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URGENT SECURITY ALERT: Continuing phishing attacks using document sharing theme

NWU mailboxes are being subjected during the past few days to a campaign of phishing attacks.  This campaign employs a theme which we have warned about previous, i.e. the request to review a shared document.  However, the increasing frequency of this attack warrants another alert.  In addition, we have reason to believe that the aim of this campaign is not merely to harvest email credentials to use for mass mailing, but is focused on theft and the commission of fraud.

The common element of message in the current campaign is a message which offers the recipient chance to review a document which has been shared with them via OneDrive for Business.  The message might have the subject line “Medical Review” or “Paperwork”.  The apparent sender varies, but often appears to come from a domain associated with the medical community.  The messages include a large OneDrive for Business banner and include a link to the supposed location of the document.  The message includes the encouragement to review the document as soon as possible.  Clicking on the embedded link will open a web browser which will immediately attempt to download a document holding the payload.  Note, too, that the embedded link actually points to a Google Docs site, not to a SharePoint site contrary to the assertion of the message.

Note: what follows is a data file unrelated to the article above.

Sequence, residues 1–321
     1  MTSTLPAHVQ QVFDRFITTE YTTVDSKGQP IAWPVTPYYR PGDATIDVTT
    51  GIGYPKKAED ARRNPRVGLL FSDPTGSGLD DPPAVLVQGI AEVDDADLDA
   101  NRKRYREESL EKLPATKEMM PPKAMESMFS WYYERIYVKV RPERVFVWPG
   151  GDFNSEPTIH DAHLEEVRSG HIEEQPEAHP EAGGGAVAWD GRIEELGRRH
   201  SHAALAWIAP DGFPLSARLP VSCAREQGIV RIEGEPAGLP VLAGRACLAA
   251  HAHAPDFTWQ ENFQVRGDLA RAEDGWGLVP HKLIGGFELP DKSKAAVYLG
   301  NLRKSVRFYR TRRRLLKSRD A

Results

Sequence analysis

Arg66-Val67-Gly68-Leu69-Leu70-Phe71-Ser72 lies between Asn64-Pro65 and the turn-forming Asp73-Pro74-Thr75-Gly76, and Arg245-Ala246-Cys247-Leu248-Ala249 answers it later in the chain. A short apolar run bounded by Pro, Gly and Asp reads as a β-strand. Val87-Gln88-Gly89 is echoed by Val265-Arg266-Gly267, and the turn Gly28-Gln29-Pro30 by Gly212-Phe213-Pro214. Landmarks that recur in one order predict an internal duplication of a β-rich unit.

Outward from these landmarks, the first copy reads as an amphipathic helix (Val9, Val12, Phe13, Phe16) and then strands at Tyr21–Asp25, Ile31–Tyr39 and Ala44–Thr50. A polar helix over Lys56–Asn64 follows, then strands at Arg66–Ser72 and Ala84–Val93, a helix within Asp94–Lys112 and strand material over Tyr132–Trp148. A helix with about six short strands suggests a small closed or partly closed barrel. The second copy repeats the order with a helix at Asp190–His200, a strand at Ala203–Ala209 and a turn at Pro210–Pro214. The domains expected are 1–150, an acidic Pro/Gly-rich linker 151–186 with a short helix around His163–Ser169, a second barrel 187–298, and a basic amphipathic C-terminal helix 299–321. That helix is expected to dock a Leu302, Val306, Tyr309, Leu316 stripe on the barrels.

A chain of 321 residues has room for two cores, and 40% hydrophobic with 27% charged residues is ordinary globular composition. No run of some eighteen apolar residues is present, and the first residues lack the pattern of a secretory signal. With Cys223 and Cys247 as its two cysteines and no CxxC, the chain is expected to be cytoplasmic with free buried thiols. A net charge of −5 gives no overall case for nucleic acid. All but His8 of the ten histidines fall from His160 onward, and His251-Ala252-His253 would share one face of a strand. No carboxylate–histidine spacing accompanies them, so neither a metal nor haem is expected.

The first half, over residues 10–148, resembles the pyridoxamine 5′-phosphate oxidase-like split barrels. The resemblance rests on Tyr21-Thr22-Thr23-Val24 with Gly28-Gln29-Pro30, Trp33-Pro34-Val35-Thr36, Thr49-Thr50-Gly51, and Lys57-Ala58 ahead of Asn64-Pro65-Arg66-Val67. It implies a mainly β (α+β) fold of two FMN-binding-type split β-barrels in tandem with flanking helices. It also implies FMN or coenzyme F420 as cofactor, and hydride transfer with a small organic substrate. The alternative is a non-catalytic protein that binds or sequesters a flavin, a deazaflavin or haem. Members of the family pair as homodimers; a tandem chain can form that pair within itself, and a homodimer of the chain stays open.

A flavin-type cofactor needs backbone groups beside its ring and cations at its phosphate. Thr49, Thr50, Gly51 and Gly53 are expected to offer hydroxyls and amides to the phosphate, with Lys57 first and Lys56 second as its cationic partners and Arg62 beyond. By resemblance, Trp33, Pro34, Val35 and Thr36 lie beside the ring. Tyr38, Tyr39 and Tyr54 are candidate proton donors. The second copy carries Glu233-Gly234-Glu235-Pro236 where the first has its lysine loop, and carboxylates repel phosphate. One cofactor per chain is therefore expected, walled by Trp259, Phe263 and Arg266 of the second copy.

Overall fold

Should you receive such an email message, please delete it immediately.  Do not attempt to follow the embedded link, do not download the file and certainly do not attempt to open it.  If you have already fallen for this phishing scam, please notify CSIT immediately.  We will assist you with changing your account passwords to assure that your NWU accounts are secured.  For our part, we are in the process of installing and testing message filters which will stop instances of this phishing campaign from reaching NWU mailboxes.  We are also scanning to remove any we can isolate which have already been delivered.

More generally, please use extreme caution in handling your email, particularly during transitional period of the calendar such as this one.  Phishing scams typically increase in frequency during such transitional periods and current scams are becoming much more sophisticated in their methods, as well as more malicious in their aims.